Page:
There is, of course, a sense of scandal in the story of the incarnation. After all, Mary, is by nature, according to Katherine Norris, an “unlikely person, someone poor and powerless, extremely vulnerable in her time and place, a young peasant woman before her wedding.”  It’s no wonder Mary initially receives this word in silence. How do you receive an angelic message that you, a young peasant woman, are to give birth to a child who will “be a king whose kingdom has no end?” Norris responds to this question, reflecting on her own experiences with God: 
“When a place or time seems touched by God, it is overshadowing, a sudden eclipsing of my priorities and plans. But even in terrible circumstances and calamities, in matters of life and death, if I sense that I am in the shadow of God, I find light, so much light that my vision improves dramatically. I know that holiness is near.” [Norris, Amazing Grace, pp. 30-31]. 
But, when Mary finally catches her breath and her calling becomes clearer, she sings her own song of praise to God, “for the Mighty One has done great things for me, His mercy is for those who fear him from generation to generation” (Luke 2:46-55). 

When we hear the word “Fear” on the lips of the angels, as they sang to the shepherds, or on the lips of Gabriel as he spoke to Mary, or on Mary’s lips, we should not hear this word as a sign that we should stand before God, our knees knocking in terror, like Dorothy’s three companions as they stood before the Wizard of Oz, fearing that God will strike us dead. No, let us remember that God is love, but it is appropriate to approach God with reverence and awe. Instead of being sinners in the hands of an angry God, we have been called children of a loving God, whose glorious presence overwhelms us.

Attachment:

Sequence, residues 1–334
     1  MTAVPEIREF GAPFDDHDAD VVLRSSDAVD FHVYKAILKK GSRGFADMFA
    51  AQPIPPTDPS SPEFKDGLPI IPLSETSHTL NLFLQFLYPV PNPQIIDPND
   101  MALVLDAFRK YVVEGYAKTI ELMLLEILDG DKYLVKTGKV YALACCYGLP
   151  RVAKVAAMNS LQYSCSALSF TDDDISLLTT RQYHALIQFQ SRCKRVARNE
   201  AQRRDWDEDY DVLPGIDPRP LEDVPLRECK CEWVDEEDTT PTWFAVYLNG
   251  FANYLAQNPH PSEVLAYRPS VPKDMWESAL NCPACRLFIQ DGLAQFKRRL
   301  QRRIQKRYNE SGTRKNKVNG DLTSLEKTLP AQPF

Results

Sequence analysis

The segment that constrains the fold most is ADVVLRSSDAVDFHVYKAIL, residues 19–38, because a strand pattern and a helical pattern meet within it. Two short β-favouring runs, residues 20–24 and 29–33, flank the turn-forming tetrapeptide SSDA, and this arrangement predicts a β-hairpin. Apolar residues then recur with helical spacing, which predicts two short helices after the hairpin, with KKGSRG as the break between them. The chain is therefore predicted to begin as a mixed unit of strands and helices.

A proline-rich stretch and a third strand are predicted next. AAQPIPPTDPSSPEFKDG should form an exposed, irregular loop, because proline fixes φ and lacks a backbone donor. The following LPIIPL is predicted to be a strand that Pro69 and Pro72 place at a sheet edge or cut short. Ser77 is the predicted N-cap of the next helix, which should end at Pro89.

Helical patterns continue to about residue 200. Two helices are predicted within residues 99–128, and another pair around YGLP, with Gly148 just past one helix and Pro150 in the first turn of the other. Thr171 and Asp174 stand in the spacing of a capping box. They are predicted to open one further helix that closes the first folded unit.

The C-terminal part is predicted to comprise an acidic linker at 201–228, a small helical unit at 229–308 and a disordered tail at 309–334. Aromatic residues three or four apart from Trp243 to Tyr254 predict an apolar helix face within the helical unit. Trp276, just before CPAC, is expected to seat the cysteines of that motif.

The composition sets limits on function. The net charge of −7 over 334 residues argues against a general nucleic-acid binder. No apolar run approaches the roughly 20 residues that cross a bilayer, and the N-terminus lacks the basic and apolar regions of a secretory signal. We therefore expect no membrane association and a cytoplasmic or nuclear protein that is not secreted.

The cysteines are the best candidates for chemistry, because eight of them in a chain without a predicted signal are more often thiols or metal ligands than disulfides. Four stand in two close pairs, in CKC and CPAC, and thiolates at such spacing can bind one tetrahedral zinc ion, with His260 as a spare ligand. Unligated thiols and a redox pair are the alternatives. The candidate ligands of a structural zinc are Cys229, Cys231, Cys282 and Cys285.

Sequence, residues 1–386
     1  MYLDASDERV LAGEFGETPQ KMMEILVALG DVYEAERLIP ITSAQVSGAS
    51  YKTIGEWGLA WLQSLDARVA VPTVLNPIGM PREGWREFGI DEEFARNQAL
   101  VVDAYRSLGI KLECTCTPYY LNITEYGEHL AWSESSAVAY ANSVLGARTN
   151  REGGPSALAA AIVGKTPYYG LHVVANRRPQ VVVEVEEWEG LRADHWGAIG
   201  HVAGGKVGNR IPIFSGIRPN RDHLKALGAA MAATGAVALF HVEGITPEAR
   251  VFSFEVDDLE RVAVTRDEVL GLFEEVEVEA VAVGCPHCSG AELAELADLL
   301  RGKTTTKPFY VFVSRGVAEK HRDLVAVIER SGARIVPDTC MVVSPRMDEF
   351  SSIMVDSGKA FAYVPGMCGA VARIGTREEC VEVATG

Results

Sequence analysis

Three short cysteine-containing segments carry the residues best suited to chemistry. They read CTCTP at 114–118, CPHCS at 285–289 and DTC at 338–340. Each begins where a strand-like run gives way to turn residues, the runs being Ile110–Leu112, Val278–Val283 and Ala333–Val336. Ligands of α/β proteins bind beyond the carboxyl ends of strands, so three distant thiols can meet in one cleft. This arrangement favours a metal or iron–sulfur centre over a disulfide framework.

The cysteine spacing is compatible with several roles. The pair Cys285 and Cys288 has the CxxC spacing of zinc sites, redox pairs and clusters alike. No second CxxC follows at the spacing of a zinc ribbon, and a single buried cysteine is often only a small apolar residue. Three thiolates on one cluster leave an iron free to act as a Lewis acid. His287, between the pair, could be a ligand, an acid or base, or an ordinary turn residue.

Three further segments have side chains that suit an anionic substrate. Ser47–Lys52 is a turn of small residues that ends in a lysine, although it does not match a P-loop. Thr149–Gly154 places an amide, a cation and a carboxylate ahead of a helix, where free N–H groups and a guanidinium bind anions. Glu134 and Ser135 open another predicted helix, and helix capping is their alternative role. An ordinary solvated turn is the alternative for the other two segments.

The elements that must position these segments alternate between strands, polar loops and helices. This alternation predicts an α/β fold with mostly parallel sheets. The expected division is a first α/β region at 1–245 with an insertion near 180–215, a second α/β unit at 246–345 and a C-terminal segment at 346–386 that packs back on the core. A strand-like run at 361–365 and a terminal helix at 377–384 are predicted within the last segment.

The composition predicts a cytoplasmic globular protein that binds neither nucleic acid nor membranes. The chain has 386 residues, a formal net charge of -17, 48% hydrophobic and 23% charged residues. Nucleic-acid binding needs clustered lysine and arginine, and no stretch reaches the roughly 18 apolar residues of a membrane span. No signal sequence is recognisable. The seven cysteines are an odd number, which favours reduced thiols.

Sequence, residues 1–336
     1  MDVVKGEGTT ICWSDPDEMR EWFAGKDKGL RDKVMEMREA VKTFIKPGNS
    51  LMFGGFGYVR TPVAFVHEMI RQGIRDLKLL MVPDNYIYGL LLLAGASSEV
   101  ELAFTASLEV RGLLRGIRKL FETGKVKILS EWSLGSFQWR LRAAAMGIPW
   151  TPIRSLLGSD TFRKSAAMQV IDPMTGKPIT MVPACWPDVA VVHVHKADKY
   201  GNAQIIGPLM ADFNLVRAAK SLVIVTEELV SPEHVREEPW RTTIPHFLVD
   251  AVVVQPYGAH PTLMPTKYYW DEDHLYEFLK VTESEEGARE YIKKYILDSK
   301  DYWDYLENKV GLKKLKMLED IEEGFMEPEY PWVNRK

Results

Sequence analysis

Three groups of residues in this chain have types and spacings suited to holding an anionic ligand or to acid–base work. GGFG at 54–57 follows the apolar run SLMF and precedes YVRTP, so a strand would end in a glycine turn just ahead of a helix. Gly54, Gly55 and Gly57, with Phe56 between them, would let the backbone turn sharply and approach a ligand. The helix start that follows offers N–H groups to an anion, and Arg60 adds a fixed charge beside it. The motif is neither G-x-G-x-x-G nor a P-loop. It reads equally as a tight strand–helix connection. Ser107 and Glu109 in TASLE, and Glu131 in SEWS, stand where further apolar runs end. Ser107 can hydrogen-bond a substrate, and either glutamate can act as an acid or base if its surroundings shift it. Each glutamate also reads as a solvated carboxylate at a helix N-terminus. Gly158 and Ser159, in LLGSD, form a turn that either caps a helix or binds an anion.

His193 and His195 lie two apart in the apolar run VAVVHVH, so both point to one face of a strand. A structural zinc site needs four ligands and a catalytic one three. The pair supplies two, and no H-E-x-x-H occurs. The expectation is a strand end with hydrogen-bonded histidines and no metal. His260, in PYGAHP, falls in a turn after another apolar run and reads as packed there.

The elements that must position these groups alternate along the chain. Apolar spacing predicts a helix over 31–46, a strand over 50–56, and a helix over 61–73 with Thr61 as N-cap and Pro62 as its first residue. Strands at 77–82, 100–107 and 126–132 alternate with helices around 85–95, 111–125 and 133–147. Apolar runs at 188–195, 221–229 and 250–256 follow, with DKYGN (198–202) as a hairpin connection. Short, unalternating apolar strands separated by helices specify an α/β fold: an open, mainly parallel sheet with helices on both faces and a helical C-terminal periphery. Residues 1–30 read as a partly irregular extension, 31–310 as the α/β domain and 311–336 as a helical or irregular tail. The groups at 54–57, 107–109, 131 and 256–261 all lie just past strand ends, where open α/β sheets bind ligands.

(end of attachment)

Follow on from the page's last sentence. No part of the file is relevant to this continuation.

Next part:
Getting back to this word “glory,” which often appears in the Bible, it can  describe the nature of God. That is, glory is more than an adjective. It is a noun! So, in Exodus we find the Glory of God descending on Mount Sinai, so that Moses might experience God’s presence (Ex. 24:16-17). It was God’s glory that Moses asked to see, and which God revealed, even as God hid Moses in the cleft of the rock (Ex. 33:18-23). This Glory filled the Temple after Solomon dedicated it (2 Chron. 7:1). The Psalms often speak of God’s Glory, for as the Psalmist declares: “Blessed be his glorious name forever; may his glory fill the whole earth” (Ps. 72:19).

We gather here today expecting to encounter God’s glory, which is revealed to us in Jesus. When we encounter God’s glory, we recognize that even though God might dwell within us by the Spirit we’re not God. God transcends our reality. Therefore, God transcends our imagination. 

The prophet Isaiah tried to imagine what God’s glory looked like. He shared a vision of the throne of heaven, with God sitting high and lifted up, while angels fly about the throne of God singing: “Holy, holy, holy is the Lord of hosts; the whole earth is full of his glory” (Is. 6:1-3).  How should we respond, when we encounter God’s glorious presence? Might we join in singing: Gloria in Excelsis Deo! For God reigns on high and God’s glory is revealed so that we might gather and offer praise and thanksgiving.   

In the closing words of this letter, whether written by Paul or not, we hear a call: “to the only wise God be glory forever through Jesus Christ! Amen.” Indeed, may we give glory to God forever as we live in Christ Jesus through the power of the Holy Spirit, singing together “Gloria in excelcis Deo.” 



Preached by:
Dr. Robert D. Cornwall, Pastor
Central Woodward Christian Church (Disciples of Christ)
Troy, Michigan
December 24, 2017
Advent 4B